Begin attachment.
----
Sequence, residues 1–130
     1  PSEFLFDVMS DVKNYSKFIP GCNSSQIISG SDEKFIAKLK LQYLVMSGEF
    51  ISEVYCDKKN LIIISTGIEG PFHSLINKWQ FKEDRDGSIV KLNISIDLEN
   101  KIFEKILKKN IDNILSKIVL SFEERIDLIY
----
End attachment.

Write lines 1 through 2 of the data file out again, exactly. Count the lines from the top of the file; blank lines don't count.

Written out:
Sequence, residues 1–130
     1  PSEFLFDVMS DVKNYSKFIP GCNSSQIISG SDEKFIAKLK LQYLVMSGEF